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Farmers Market tradition continues in trying times


Glenn Yoder of Living Greens Hydroponics helps customers A.J. Brooks, Rachel Gauger and pooch Kisses with their purchase.- photo by Jennifer Woods


By: Jennifer Woods - reporter for the Southern Standard newspaper in McMinnville, TN


It’s nice to know you can count on something “normal” considering the recent uncertainty due to COVID-19. The Farmers Market in McMinnville is a yearly tradition that offers a bounty of locally grown, harvested, cultivated, baked, cooked and sewn items. The market kick started back in April. The market is open Wednesdays from 7 a.m. to 1 p.m. May through November and Saturdays 7 a.m. to 1 p.m. April through November. The Saturday of May 9th, the market was buzzing with activity when it opened at 7 a.m. Vendors were set up with their wares and folks were eager to purchase them. Many reasons were at play for the busy activity at the pavilion, but the sunny weather, more vegetables and flowers to choose from, and that Mother’s Day was the next day were probably the main ones.


Seth Greene shows customer Janie Griffin some of the first strawberries of the season along with an assortment of fresh local vegetables.

The market was overflowing with choices. Fresh lettuce, tomatoes, cucumbers, onions, beets and more were available at different stations. Glenn Yoder had several vegetables from his family operated and owned business Living Green Hydroponics located on Viola Road. Yoder was eager to say he grows everything he sells. Customer Rachel Gauger declared Yoder’s mini cucumbers the best and one of the reasons she was there. Laura Smartt had several mason jars full of beautiful cut flowers. She said they were all grown at her home here in town. Smartt said she is planning on opening a small cut flower farm.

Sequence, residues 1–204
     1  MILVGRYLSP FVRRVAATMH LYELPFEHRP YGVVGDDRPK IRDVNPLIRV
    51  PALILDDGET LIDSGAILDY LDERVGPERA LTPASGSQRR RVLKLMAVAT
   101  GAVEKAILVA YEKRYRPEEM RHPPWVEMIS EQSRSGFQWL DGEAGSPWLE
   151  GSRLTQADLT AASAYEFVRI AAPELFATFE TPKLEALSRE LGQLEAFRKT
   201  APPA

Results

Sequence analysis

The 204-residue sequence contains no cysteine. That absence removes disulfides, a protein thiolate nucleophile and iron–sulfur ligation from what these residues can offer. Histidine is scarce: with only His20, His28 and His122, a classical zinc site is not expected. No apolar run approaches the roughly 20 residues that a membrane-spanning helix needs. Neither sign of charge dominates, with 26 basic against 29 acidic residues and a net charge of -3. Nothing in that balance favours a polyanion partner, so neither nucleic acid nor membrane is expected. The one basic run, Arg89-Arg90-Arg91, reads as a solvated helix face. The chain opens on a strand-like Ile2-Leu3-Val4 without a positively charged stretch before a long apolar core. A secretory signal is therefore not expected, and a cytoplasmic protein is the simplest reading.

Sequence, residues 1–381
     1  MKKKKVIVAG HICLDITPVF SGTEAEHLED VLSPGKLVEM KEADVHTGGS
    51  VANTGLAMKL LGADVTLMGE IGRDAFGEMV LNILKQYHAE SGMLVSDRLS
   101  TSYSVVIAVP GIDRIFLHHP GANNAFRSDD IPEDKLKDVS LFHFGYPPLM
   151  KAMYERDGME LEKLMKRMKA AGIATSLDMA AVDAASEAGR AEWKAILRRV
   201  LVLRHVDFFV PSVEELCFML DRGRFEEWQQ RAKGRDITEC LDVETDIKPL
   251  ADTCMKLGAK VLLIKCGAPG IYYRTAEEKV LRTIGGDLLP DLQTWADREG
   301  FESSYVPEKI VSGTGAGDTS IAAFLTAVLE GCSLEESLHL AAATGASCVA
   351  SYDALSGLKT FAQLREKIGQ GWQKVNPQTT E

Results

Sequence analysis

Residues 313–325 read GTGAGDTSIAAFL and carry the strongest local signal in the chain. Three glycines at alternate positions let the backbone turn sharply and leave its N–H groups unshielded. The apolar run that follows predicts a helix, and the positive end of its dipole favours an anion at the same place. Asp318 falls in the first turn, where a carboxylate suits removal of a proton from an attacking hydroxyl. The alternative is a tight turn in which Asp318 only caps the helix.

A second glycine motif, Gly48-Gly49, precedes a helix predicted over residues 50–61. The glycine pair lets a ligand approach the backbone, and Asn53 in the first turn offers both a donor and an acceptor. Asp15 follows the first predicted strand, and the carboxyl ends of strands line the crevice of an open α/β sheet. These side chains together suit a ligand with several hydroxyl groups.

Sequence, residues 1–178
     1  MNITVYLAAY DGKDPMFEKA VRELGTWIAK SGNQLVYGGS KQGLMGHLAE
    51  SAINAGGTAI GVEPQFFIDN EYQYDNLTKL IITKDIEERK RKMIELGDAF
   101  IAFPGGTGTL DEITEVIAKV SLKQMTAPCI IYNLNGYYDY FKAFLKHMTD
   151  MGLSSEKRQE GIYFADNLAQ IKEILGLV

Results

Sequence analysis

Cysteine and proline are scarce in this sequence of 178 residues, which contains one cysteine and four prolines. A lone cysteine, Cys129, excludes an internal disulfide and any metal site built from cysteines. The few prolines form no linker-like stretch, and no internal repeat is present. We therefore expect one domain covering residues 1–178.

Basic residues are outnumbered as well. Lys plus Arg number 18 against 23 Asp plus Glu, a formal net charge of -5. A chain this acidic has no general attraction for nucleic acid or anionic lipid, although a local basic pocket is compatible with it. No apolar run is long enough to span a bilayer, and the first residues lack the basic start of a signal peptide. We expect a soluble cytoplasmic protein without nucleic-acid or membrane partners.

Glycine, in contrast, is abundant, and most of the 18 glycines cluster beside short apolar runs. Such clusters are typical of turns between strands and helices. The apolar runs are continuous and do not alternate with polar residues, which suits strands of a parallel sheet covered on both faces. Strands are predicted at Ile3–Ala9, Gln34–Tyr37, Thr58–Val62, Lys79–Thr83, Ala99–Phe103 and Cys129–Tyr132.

Laura, John and 7-year-old Holly Rowan Smartt offer a variety of beautiful cut flowers in mason jars.

Baked banana and zucchini bread, as well as fruit filled fried pies and other tasty desserts, were offered at Dulce and Lydia Martin’s space.

Handmade fried fruit pies, breads and other dessert goodies are available at the Farmers Market.

A sign of the times is that protective masks were also available from two vendors. The choices of fabric styles were lovely to behold. Vendor Melissa Jenkins said she made 75 masks last week and estimates she has made over 300 in all. Her masks include a filter pocket with elastic or tie options.


Melissa Jenkins assists Judy Cunningham in picking out the perfect mask. Cunningham is going back to work at Kasai in Manchester this week and wanted to add to her protective gear.

Becoming a Farmers Market vendor is easy. Each vendor is required to pay a membership fee of $15 each year, fill out an application, follow market rules and Tennessee state guidelines. Daily vendor spots are $10 per spot per set up. All permanent spots are taken at this time, but you can be added to a waiting list if you would like to obtain a permanent spot when one becomes available. Chrissy Allen was appointed Farmers Market manager this past February. “I love the interaction with the community. We have a great community here in McMinnville and Warren County. They show great support of our Farmers Market,” said Allen. “I love that it’s outside but still covered on rainy days. And I love just being able to help in any way I can.” Allen continued, “Some days if the market is slower, vendors may not be there until 1 p.m. Other days when it’s busy, if they sell out they leave. Best bet is to come early to get products you are looking for. We hope everyone will come out to see what our vendors have to offer and help support local farmers and the local Farmers Market.” If you have any questions, contact Allen at (931) 259-0727.

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